As I was putting this SBS together I started to think about when I first met Ed and his Intruder, Here is a link to the first Intruder I posted back in back in 2008. http://speypages.com/speyclave/showt...intruder+marty
I have added it so you can see how easy it is to get off track when it comes to fly construction. I look at that fly/sbs and just laugh. I used all the right materials and placement was correct but I did not understand the purpose behind its construction or should I say engineering. The fly looks flat to me now.
As for my defense of the integrity of the Intruder in past post, I was not completely wrong but Ed did correct me as to what materials can be used. He explained you can use virtually any type of material to build an Intruder including marabou. He did say there is a disconnect when it comes to the use of Intruder as a category to classify different flies and added there is not much we can do about that now. He went on to say for a fly to be classified as an Intruder it must follow the basic design of stations and propping of material. He also added the part about being engineered with the explanation its more than just wrapping a bunch of material on a hook. Basically the goal in tying an Intruder is to produce a strong profile with minimal material for a better sink rate and better casting.
In this thread http://speypages.com/speyclave/showt...intruder+marty
I make the statement "Ed’s Intruder, I call it that because he was the “one” that developed the pattern”. It’s kind of true but Ed gives credit to Jerry French and Scot Howell for parts of the Intruders development. I also said anything that varies from the original in a variation. I still stand by this comment but then Eds intruder that he tied for me has some modifications. His fly, he can do that… As for the fly in this thread it sucks as well. Good thing I did not tie up a whole bunch of them.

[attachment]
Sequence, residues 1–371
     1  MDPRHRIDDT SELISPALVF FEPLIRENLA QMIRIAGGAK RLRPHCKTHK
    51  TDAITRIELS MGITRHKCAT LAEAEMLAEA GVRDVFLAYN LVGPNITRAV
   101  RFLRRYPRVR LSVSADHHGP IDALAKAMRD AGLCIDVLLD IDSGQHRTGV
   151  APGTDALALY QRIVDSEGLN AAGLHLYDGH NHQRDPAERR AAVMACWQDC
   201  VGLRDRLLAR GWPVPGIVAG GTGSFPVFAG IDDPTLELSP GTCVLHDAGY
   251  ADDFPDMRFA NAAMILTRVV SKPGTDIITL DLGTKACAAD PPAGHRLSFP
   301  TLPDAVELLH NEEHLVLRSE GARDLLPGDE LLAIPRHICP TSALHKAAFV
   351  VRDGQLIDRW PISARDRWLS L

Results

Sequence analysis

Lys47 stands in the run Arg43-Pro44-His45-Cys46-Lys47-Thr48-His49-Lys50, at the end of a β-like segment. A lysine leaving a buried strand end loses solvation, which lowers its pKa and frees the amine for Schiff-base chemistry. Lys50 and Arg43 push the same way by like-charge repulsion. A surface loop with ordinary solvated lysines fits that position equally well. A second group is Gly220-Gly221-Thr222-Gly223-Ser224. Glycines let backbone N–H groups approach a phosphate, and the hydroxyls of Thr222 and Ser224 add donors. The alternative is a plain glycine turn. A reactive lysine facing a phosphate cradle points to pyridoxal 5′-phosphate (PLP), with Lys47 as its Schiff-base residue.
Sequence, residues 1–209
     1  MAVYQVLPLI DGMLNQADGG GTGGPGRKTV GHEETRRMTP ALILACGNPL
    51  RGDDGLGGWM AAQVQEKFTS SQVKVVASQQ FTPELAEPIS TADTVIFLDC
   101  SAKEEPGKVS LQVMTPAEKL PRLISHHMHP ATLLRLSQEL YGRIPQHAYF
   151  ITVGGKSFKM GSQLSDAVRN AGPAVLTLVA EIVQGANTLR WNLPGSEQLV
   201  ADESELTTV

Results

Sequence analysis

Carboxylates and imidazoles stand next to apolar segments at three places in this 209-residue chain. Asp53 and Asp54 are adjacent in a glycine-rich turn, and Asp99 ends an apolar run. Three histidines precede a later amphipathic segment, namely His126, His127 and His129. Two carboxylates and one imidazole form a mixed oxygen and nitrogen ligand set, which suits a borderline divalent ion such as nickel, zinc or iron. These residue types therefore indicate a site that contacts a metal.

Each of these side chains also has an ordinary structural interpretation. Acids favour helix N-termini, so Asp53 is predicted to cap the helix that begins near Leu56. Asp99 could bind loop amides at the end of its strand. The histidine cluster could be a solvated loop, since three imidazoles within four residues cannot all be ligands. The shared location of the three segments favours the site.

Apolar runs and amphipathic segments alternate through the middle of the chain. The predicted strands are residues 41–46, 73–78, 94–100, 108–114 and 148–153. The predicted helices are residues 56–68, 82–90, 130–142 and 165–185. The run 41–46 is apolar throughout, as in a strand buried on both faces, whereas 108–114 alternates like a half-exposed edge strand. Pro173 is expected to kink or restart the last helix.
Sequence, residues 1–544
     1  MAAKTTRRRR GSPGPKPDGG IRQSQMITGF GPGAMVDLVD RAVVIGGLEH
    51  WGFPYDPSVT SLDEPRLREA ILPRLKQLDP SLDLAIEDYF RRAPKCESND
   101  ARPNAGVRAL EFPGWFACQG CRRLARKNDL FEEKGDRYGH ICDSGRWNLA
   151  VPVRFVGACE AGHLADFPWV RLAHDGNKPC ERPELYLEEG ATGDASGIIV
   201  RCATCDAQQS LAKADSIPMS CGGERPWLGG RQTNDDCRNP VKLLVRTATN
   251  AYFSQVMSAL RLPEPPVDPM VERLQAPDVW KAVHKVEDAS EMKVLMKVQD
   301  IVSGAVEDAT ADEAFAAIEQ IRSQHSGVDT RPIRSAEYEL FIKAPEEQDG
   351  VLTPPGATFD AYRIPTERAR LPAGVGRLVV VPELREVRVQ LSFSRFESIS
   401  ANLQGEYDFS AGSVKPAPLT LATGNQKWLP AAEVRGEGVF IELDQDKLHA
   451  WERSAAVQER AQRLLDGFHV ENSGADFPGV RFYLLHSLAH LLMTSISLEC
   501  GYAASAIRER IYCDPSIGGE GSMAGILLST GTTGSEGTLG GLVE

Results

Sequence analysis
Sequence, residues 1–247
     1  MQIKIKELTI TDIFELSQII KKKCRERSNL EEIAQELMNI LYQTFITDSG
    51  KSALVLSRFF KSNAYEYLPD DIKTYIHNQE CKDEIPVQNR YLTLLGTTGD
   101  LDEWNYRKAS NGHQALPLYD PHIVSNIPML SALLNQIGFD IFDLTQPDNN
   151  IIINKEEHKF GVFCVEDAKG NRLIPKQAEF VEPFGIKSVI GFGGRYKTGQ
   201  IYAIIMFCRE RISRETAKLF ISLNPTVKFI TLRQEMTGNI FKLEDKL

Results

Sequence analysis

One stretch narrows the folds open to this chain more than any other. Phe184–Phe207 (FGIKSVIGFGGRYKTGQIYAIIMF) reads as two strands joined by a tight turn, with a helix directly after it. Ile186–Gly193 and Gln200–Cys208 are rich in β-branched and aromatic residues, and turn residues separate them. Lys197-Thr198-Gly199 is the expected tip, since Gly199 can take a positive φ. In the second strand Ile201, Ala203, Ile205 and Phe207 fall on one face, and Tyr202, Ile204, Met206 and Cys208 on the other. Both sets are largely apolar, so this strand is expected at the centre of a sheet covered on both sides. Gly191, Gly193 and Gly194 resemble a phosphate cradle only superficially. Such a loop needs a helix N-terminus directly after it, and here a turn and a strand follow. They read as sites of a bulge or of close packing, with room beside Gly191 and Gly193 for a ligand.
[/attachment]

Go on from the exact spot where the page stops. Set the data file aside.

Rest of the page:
As for the following step by step I can now say its pretty accurate and I am pretty confident this is how an Intruder should be “engineered”. Thanks for looking and good luck with this one.
Hook: After the tying session I am sold on the shank made from a hook. Needs to be up eyed hook to accommodate the tippet. My HMH
Spinner vise holds the shake perfectly. I also have found some flex tubing that I got from HMH
that works great for the rear connection.
Rear Section: Deer hair spun as a collar, ostrich herl for feelers and a turkey flat hackled as a collar.
Body: Metallic micro braid with a grizzly hackle palmered from rear to front.
Front Section: Deer hair spun as a collar, Amherst tail in a dubbing loop and an optional collar of turkey flat (this is my little addition)
Head: Two turns of chenille and a dumbbell
The first step is to spin a collar of deer hair at the rear of the shank. The better the collar/prop the better the fly will perform. Don’t overdo it, deer hair floats
Next tie in a clump of ostrich herl on the back side of the shank and a second clump on the front side of the shank.
Secure in a turkey flat and wrap as a hackle. Make sure both the tie in point for the ostrich and the hackle are compressed against the deer hair.
Secure in a length of micro braid and a grizzly hackle. Wrap the braid forward followed by the hackle. The body hackle is optional and only added when looking for a fuller silhouette.
Next spin a second collar of deer hair. This one should be just a bit fuller than the one on the rear section.
Create a dubbing loop and load it with a clump of fibers from an Amherst tail. Working the barbs of the tail feather so they are separated and waxing the loop will help in the spinning process.
Fold all the tail barbs back and wrap as a collar.
Tie in a turkey flat and wrap as a collar.
Secure in a length of chenille and take two wraps as tight to the collar of turkey as possible. Tie on a dumbbell and give it a whip. Use a soft head cement like aqua seal to bind the head. Hard cement will chafe the tippet.
Good tying and better fishing